Pattern design books continued to be developed into the Meiji era (1868–1912) and the Taisho period (1912–26) and were a significant aspect of color-printed books from the 1890s until the mid-1930s. They encompassed the tradition of source-books that had a practical application for manufacturing like those in the hinagatabon tradition and to the category of which Masaki Naohiko suggests that Great Mirror would have great influence. Another feature of design books of this period is the "fine-art" book with lavish color plates. At the forefront of contemporary and traditional design books (also known as zuanshu, or "design compendiums," by this time) was the publisher of Great Mirror, the Kyoto-based company Unsodo. From its establishment in 1891 until the 1930s, the company produced many woodblock-printed fine-art and deluxe pattern and design books that are characterized by an extremely high level of block-cutting and printing. They marketed their stock both in Japan and abroad. Their publications of contemporary artists and designers included the "Neo-Rinpa" artists Kamisaka Sekka (1866–1942) and his pupil Furuya KOrin (1875–1910), who was especially instrumental in the development of Japanese "modern" design in the early twentieth century.
Great Mirror is clearly a product of this vogue for beautifully crafted design books, and similar traditional design books served as a complement to the more "modern" designs issued by the Unsodo books such as Sekka's Momoyogusa (Worlds of Things, 1909), or Korin's Korin moyo (Korin's Designs, 1907). While a product that could be appreciated on a purely aesthetic level or as a sumptuous resource of decorative motifs, Great Mirror also expresses pride in Japan's own art historical past, not only as a validation of its own rich artistic traditions but also in making this known on the international stage. Masaki Naohiko's preface—as well as the colophons in Great Mirror, such as those prefacing volumes 2 and 3—ekiko shukin ("unravel the old/cultivate the new") or koko shoki ("cherish the old/appreciate the unusual")—remind the reader that one must appreciate the old as the new is explored. Such introspection is not surprising if we consider the climate in Japan from the Meiji era onwards. With the government's move towards modernization and industrialization along Western lines at this time, society and culture had been exposed to dramatic change. It was the government's stand, voiced in slogans like wakon yosai ("Japanese mind with Occidental knowledge"), that this change could be effected through a synthesis of Japanese thought and modernization. However, questions about the viability or efficacy of such a stance—with some seeing modernization (Westernization) at the cost of Japanese traditions—awakened in some quarters a nationalist sentiment, with many looking to the past for guidance in the search for a national identity. A staunch advocate of traditional arts, Masaki Naohiko's obvious pride in traditional art and design bubbles over in his concluding words in the preface: "this book will have fully realized its aim, if it in any way serves to strengthen our country."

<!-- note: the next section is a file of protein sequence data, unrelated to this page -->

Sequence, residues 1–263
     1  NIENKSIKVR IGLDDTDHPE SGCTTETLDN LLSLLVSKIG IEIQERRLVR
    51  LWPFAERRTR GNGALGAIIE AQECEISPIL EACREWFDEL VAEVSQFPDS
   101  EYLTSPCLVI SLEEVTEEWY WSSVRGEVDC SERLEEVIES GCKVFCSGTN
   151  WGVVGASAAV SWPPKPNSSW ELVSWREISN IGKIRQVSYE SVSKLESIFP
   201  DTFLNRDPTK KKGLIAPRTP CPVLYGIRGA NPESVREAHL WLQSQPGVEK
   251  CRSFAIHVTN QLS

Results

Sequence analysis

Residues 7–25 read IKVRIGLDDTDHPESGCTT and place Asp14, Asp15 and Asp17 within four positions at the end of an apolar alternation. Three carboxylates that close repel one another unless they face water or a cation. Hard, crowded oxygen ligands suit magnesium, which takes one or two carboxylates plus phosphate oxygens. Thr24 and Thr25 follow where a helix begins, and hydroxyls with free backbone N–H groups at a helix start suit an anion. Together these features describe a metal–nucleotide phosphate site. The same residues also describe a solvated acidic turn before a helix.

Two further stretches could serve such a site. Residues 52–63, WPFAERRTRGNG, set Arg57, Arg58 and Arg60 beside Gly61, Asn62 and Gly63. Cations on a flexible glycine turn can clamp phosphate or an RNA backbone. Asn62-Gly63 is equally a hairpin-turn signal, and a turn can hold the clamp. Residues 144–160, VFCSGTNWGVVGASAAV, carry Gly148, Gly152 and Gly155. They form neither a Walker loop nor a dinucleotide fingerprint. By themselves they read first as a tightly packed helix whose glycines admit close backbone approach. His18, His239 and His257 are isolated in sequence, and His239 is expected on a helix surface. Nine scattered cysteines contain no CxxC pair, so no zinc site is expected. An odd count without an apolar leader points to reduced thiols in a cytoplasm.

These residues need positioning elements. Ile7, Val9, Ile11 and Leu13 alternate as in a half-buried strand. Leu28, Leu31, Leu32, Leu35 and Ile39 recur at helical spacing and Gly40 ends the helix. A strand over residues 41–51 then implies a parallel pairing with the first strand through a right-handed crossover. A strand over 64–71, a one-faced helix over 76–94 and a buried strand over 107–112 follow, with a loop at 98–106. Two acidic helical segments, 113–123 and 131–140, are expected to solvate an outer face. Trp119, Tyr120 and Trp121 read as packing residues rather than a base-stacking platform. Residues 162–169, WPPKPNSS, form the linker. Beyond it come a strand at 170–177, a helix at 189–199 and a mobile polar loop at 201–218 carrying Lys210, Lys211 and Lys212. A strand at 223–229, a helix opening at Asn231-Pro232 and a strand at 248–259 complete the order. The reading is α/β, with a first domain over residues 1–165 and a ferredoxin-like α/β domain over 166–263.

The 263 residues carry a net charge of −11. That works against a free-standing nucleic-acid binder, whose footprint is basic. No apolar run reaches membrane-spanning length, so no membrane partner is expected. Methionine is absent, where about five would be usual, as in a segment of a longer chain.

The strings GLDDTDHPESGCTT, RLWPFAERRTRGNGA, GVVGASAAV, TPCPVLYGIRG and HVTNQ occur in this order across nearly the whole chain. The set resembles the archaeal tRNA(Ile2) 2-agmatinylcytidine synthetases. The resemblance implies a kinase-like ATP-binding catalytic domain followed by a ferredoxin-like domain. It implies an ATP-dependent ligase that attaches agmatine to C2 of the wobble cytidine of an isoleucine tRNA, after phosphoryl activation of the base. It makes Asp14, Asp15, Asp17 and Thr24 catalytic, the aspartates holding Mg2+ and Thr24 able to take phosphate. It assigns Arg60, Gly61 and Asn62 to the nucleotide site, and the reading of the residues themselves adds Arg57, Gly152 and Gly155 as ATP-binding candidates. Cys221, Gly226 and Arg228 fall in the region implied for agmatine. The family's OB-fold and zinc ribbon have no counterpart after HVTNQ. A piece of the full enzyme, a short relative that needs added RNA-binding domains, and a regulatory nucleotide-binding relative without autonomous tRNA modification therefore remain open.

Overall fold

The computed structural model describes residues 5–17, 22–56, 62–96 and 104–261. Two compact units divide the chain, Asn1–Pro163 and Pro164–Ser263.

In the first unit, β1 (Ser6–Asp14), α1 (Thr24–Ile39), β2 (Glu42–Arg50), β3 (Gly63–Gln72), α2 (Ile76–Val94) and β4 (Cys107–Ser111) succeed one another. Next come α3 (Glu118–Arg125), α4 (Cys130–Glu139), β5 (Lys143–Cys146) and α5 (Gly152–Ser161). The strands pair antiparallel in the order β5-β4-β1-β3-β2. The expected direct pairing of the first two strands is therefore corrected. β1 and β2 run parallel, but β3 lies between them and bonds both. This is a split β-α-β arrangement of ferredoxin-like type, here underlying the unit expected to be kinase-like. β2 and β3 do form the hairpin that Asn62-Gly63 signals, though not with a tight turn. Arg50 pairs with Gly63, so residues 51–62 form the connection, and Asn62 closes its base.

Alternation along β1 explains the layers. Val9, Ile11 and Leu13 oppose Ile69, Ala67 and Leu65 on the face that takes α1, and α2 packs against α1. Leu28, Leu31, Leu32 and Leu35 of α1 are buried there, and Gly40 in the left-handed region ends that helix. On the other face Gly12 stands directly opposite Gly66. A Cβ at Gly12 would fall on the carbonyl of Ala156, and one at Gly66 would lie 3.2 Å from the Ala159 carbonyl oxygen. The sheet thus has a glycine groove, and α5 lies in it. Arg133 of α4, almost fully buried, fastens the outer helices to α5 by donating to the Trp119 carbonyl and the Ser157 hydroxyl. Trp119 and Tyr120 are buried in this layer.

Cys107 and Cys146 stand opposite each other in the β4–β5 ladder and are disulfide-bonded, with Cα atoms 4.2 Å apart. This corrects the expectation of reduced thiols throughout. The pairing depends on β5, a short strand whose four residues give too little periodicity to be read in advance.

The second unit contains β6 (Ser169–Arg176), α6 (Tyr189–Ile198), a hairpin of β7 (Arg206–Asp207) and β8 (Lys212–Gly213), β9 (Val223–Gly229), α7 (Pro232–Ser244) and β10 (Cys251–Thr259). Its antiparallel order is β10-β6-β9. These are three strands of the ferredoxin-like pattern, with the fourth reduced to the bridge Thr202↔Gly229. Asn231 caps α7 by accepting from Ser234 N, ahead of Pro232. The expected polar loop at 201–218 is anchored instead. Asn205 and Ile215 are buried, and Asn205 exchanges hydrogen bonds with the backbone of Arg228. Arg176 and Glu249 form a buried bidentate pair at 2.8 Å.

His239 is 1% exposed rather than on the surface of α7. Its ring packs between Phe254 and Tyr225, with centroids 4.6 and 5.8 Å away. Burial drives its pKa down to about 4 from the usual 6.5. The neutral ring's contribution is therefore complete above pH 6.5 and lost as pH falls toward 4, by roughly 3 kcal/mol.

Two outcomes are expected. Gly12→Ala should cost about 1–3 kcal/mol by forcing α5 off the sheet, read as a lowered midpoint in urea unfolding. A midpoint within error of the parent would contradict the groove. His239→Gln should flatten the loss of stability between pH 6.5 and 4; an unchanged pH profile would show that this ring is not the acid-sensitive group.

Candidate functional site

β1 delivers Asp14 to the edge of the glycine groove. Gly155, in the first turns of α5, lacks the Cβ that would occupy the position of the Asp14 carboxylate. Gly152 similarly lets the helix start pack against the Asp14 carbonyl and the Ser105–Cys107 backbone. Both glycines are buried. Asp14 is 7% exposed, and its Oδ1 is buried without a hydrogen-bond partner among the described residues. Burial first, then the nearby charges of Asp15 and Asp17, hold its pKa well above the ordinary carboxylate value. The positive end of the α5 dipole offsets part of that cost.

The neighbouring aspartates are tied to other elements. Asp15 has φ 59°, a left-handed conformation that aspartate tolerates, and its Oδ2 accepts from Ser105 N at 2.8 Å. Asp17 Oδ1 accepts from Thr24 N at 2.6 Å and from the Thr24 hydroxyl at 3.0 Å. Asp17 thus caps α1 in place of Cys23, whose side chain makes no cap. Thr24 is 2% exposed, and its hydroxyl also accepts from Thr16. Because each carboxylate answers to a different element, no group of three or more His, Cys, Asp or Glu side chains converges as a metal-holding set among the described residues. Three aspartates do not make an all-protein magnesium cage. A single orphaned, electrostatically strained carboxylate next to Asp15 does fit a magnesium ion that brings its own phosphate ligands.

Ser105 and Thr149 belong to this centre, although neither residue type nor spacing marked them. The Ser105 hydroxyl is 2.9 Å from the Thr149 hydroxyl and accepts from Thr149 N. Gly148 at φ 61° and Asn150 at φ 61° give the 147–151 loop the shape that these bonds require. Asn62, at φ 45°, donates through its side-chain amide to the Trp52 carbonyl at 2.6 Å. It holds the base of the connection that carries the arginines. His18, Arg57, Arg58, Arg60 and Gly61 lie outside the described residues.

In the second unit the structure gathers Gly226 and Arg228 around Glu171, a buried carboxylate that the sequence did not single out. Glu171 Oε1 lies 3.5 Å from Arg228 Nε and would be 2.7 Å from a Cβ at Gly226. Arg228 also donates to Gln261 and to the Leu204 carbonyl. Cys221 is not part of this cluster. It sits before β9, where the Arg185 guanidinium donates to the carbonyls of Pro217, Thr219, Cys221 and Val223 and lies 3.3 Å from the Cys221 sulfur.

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Comprising some 600 designs drawn from both secular and sacred objects spanning the Asuka (552–645) to Edo (1615–1868) periods, the artistic techniques represented by the designs in A Mirror of Japanese Ornament are diverse, and the range of media broad, including metalwork, textiles, lacquer, painting, and carved wood. Yet as a "mirror" of deign, A Mirror of Japanese Ornament is neither exhaustive nor comprehensive in its art historical scope. It does include designs from a number of objects that are today considered significant national treasures, such as those on Plates 52 and 53, or from complexes designated as UNESCO World Heritage sites, such as the Shosoin (see Plates 12–19). But not included, for example, are designs from objects pre-dating the Asuka period, namely from Japan's pre-historic JOmon (c. 10,500–c. 300 BC) and Yayoi (c. 300 BC–AD 300) periods to the ornamented artifacts and mural paintings of the Kofun or Tomb period (c. 300–552). Perhaps this omission can be explained by the fact that at the time of the compilation the comparatively fewer objects of these eras were seen more as archaeology than art history and may have held little interest for designers of the period. Noteworthy, too, is the fact that Kawanabe does not include the artistic developments in the Meiji era, when Japanese crafts, in particular, were making great strides in the development of design. Nevertheless, Obuchi suggests that Great Mirror is a testimony to Kawanabe's pioneering spirit in the introduction of traditional Japanese design to new fields. Whatever its intent, however, design books such as A Mirror of Japanese Ornament are, to borrow the words of the late Japanese book scholar Jack Hillier, objects that can be appreciated as "an expensive gift in thoroughly good taste, admired as a splendid product of the publishers."